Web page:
Terrain-Based Cancer Care Focuses on Whole Person
By: Melody Spurney
The Riordan Clinic has a rich heritage of groundbreaking innovation in cancer care. Clinic co-founders Dr. Hugh Riordan and Olive W. Garvey founded the clinic on the premise that all complex chronic illness, including cancer, has origins in nutrient deficiencies. Today, the clinic’s integrative oncology team builds on that foundation with a terrain approach to care. This approach targets the root cause of the cancer while simultaneously working to improve quality of life, manage side effects, reduce risk of recurrence, and improve immunity and quality of life.
The integrative oncologists at Riordan Clinic relate cancer to a weed problem and real health, which is why terrain-based testing and a metabolic approach to treating it are used by the clinic’s oncology team.
In a Real Health Podcast entitled “What is the Terrain Based Approach to Cancer” that originally aired in April 2022, Dr. Lucas Tims, ND, FABNO, of the Riordan Clinic’s Overland Park campus, described the terrain-based approach as a garden. Conventional cancer care focuses on killing cancer cells – much like weeds in a garden. The metabolic, terrain-based approach considers the body as soil and uses integrative medicine to look for root causes of cancer, rather than simply attacking the cancer itself.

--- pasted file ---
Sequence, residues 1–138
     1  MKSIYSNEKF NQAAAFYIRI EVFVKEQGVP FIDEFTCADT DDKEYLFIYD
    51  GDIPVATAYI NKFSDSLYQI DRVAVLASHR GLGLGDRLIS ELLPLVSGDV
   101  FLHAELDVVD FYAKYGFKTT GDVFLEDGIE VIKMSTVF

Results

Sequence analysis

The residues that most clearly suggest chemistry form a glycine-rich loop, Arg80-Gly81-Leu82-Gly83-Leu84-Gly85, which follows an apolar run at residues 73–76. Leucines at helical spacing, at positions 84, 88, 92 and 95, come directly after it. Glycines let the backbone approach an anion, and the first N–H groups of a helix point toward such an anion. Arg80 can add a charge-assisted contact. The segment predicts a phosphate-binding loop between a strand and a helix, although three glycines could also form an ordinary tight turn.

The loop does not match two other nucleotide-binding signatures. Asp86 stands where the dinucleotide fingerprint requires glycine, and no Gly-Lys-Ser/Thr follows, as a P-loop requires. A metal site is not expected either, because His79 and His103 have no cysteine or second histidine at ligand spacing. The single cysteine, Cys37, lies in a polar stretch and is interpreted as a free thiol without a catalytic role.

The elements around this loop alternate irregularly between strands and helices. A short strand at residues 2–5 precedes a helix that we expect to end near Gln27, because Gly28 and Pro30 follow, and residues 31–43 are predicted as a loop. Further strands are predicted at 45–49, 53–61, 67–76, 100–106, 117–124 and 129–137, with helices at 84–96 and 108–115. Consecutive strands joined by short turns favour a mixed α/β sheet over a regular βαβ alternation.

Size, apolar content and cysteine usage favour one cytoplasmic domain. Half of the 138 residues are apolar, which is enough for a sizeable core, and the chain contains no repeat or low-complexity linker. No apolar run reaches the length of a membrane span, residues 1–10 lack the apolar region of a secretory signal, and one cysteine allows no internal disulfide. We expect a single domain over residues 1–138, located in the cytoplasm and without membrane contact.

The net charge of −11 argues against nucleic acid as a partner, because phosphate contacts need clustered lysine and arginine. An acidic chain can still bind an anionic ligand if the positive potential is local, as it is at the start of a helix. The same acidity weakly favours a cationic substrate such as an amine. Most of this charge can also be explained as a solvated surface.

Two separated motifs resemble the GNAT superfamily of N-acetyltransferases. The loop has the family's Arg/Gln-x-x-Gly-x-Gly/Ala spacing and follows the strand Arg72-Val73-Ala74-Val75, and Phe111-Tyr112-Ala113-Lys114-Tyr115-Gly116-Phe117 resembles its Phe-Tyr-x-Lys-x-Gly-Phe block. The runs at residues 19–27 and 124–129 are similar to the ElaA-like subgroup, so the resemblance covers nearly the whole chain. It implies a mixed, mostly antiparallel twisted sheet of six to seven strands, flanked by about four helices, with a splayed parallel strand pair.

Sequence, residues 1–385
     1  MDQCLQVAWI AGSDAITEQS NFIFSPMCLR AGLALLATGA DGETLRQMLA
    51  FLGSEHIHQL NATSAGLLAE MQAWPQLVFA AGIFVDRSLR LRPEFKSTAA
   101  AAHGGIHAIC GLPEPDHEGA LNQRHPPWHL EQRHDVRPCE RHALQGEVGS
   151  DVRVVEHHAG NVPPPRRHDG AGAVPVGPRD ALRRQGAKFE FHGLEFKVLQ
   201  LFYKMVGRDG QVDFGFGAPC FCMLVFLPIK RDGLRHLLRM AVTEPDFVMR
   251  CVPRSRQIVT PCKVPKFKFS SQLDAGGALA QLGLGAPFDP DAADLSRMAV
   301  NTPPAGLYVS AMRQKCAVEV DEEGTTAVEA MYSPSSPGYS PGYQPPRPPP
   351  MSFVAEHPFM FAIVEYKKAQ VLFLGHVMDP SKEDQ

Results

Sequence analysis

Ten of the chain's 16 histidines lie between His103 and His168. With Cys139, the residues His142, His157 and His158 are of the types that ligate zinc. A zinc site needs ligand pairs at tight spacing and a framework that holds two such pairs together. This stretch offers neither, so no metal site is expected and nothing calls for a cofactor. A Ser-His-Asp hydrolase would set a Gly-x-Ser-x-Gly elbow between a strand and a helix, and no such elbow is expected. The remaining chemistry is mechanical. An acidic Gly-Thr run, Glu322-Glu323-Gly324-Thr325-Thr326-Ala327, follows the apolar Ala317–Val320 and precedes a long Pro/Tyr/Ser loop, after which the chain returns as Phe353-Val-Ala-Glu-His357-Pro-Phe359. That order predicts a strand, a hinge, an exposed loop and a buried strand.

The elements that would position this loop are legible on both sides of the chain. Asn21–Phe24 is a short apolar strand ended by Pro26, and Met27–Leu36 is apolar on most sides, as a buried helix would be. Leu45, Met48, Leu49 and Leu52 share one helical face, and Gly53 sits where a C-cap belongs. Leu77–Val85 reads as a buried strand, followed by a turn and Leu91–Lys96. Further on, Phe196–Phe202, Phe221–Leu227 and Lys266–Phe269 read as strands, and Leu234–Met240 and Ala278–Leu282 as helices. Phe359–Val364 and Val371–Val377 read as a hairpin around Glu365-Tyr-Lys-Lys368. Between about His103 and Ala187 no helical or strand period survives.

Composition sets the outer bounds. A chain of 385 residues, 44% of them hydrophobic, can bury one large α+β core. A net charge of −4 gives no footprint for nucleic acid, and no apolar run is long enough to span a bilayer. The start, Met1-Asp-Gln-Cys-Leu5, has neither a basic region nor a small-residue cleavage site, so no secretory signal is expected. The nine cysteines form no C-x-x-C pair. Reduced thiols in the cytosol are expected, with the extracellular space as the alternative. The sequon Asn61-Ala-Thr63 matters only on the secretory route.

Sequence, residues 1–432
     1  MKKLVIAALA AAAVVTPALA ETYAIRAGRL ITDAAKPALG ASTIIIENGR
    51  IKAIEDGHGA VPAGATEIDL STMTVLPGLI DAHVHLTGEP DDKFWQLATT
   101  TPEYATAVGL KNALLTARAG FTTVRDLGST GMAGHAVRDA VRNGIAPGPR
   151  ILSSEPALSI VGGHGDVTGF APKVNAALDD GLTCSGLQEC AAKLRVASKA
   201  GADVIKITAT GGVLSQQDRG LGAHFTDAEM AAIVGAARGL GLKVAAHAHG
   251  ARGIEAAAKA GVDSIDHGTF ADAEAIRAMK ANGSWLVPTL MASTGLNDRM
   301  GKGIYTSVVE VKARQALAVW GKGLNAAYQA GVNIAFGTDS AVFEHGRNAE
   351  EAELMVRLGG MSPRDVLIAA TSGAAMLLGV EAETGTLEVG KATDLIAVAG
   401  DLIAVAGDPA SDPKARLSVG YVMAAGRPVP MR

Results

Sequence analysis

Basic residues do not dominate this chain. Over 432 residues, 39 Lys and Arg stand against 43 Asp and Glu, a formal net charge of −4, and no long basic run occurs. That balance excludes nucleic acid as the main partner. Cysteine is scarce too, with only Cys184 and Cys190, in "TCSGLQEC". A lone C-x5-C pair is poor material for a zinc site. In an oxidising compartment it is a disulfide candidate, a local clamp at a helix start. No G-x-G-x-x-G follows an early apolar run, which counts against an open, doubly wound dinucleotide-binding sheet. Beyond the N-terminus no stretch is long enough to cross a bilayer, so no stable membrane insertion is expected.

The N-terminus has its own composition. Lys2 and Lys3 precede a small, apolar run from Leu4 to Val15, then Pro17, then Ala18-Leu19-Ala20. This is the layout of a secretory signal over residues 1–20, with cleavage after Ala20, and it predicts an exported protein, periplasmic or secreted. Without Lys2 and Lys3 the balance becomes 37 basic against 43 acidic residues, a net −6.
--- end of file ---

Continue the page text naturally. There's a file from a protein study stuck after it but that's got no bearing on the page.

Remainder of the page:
“The traditional approach from Western medicine is to put chemicals on the weeds … to cut them out, burn them, and then wait and see if they come back. Whereas the metabolic or terrain-based approach looks at all the things you can’t see on the surface level but that we know are actually what’s driving the weed problem in the first place,” he said. 1
Podcast co-host Dr. Ron Hunninghake, MD, and Chief Medical Officer based on the Wichita campus, said recurrence rates can be high if patients rely only on conventional care.
“This is in line with Dr. Riordan’s approach to dealing with complex chronic illnesses of all types. We look for the root causes. The root causes are the things that often are overlooked in developing treatment plans for cancer patients.”
Integrative oncology and metabolic cancer treatments take a whole-body approach. Treatment plans include extensive lab work personalized to the patient, diet, exercise, supplements, and other naturopathic treatments. In fact, a 2018 study from the University of North Carolina Gillings School of Global Public Health found only 12 percent of American adults are metabolically healthy. 2 In addition to cancer, chronic metabolic diseases also include Type 2 Diabetes, Alzheimer’s, heart disease, obesity, hypertension, Polysystic Ovarian Syndrome, among others. 3
The Metabolic Terrain Institute of Health (MTIH) is a leader in metabolic terrain-based cancer care. Under the leadership of Executive Director Dr. Nasha Winters, ND, FABNO, the institute uses the approach to focus on an individual patient’s “why,” including what caused cancer to grow, specific therapies, improving quality of life, and reducing mortality rates. 4